Thursday, November 27, 2014

Happy Thanksgiving!

Howdy, all. I really kind of thought I'd have a post for you this week. I wrote one, but last night, looking it over, it's not something I can post. It's flat and awful, and I guess it's simply a product of having a hard time focusing these past two weeks, and the added pressure of the holiday wasn't much help.

So instead of giving you something I apparently just half-assed phoned in, I'd really rather fix it.

However, all is not lost, as I have this lovely picture of Fiona in her awesomely poofy green dress by the talented Laura Hollingsworth of The Silver Eye. I just can't get enough of Laura's work. She really does a great job of capturing the Green River gang, doesn't she?

Anyways, for the record, I read The Silver Eye up to its current point and I really dug it. My daughter's reading it right now. If you haven't had a look, you should definitely give it a go. Fun characters, engaging ensemble cast, and, of course, great artwork!

Hope you all had a nice holiday. Hopefully we'll be back on schedule next week. Take care!


Monday, November 17, 2014

Question for You

Howdy, all,

Got a question for you. I want to put Ask Wash in the back of the Anthology. I am wondering if those of you who contributed questions have a problem with me using your letters as-is. In all but one or two cases, I don't know who submitted what, and I wasn't going to use the one or two real names I have (unless you want me to, and if you do, now's your time to speak up.)

Let me know what you think,

Thursday, October 30, 2014

Halloween Special: Red

The blast of stinging, wind-driven sleet nearly shoved Storm from Blackbird’s frosty back. He hunched over against the onslaught, holding his hood on with one numbing, mittened hand, and drove the horse forward towards the tiny shanty and the attached barn that comprised Pacific Springs relay station. Not going on tonight while this is happening, that’s for sure, he thought, sputtering as a blast of driving ice crystals scoured his face and eyes. We’re both half buried and mostly frozen.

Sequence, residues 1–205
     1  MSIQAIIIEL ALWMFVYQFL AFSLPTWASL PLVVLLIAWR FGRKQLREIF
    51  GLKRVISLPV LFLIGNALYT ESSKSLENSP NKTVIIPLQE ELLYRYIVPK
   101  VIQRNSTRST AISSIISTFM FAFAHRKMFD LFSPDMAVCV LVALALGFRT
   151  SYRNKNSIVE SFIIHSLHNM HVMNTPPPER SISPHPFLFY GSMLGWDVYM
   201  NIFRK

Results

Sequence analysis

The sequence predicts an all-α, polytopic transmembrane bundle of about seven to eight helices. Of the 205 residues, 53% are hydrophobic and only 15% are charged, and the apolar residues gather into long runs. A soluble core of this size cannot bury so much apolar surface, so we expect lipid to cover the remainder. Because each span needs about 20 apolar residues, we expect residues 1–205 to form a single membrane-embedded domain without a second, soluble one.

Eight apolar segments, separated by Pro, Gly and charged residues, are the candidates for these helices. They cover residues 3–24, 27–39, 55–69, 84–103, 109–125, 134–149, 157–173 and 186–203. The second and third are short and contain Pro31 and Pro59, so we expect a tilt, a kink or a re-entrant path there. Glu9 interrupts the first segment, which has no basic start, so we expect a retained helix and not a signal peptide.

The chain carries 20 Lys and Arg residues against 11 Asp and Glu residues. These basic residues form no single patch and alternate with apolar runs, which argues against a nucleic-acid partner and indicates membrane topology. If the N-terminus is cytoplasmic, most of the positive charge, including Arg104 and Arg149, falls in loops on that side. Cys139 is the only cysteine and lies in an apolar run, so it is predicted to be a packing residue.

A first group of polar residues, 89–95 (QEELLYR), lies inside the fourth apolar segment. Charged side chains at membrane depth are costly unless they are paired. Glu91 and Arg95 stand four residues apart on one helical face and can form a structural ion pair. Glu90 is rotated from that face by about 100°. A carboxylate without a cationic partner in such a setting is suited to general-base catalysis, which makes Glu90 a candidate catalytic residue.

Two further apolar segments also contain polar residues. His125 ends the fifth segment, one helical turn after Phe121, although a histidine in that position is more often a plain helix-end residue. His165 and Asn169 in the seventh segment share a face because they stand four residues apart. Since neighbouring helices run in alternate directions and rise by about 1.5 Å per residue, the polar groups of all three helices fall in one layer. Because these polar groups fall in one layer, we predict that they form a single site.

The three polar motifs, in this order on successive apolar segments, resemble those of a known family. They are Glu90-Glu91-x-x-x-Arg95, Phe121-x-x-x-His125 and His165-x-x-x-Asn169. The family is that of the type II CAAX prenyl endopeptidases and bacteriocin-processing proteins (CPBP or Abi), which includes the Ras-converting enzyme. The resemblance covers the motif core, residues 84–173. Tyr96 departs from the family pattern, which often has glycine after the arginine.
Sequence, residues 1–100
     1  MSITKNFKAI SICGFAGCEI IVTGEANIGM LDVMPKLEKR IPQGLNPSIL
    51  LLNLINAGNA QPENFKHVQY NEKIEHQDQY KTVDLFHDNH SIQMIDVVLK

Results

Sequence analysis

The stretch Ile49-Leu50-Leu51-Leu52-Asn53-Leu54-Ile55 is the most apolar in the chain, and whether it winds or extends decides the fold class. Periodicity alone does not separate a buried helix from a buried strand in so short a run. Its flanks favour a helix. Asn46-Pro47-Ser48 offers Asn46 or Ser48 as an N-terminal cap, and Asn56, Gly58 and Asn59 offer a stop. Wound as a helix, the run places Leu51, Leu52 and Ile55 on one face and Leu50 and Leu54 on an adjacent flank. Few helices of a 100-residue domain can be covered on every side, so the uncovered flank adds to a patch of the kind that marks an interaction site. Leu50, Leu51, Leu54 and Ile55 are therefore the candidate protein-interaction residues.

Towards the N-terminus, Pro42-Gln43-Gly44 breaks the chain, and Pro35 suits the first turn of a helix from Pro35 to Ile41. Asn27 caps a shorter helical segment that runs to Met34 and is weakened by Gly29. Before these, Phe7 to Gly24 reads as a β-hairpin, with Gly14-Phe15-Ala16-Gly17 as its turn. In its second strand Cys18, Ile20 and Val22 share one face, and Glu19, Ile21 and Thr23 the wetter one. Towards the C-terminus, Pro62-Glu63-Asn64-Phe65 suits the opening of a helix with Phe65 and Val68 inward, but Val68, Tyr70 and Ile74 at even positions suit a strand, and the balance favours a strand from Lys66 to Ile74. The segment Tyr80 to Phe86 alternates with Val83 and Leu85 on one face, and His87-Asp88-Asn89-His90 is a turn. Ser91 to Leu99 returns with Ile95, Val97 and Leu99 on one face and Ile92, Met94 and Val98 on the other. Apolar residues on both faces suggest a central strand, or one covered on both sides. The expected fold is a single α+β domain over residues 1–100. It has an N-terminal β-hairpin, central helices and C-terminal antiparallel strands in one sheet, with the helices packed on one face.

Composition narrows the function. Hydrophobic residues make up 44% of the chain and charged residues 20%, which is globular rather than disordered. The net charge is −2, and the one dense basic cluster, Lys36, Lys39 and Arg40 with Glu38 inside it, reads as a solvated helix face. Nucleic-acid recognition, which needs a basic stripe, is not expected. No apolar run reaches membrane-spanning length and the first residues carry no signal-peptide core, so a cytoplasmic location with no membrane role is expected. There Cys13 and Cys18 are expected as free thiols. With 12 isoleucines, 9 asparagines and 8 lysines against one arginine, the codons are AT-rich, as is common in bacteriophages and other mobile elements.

It had been snowy for most of the day, but once the sun had started to sink, and the sky turned the color of slate, the cold had become an irresistible, deadly force. Frozen rain and sleet blew across the flat plains, howling down from the distant mountains and across the empty prairie. Storm knew he and Blackbird could find themselves buried in a ten foot, hard-frozen drift in this part of the trail. I’m glad we made good time till now, because we’re really going to be scrambling to make up what we lose tonight. Damn it! I do not want to have to wait out the entire night here!

Blackbird hauled himself and Storm into the yard of the tiny relay station, and Storm jumped down to wrestle open the barn door. His boots sank into the soaking, crunchy slurry of snow and frozen rain as he pulled the exhausted horse inside. He hastily dusted the ice from animal’s coat, sighing with relief at being out of the stinging wind.

It was dim, the dismal gray light fading into shadow inside the barn. Storm fumbled around in the half-light, toweling the dampness from the horse’s coat and snugging the blanket over his back. He dried the saddle and mochila and hung them over the rail. A sudden realization hit him and he stopped, looking around and frowning. Why are there no other horses in here? He peered into the twilight shadows, his ears pricking with the soft hiss of sleet on drifted ice crystals. Not only was there no fresh horse waiting for him, saddled and ready to go, but aside from Blackberry, there wasn’t any horse of any sort in the stable at all.

This could be a problem... He settled back against the wall, pulling his hood down and flexing his saddle-stiff legs, thinking. Did this station get robbed? Merde. This could be a big problem. Especially if they’re still here.

He hastily pulled off his mittens and unholstered his pistol, feeling his quickening pulse in his ears. Taking a deep breath, he placed his ear against the door separating the stable from the main cabin.


He realized he was breathing heavily, his heart pounding. The Voice of Fear was whispering to him, telling him to be careful, that something wasn’t right, that there wouldn’t be any casual reason why there would be no horses in the stable, or why there was no warm light showing under the door to the cabin. Where the hell are Hoyt and Pulaski?

There was unsettling silence on the other side of the door. Storm stared at the darkening planks in the fading light. I can’t take Blackbird and go back out right now. Not in this. He’s exhausted, and the crew here might need help. In any case,I need a fresh horse. He took in a few slow, calming breaths, placing his hand on the door and tightening his grip on his pistol. Standing to the side of the doorframe so that anyone waiting for him wouldn’t have an easy shot, he cringed inwardly and pushed the door open.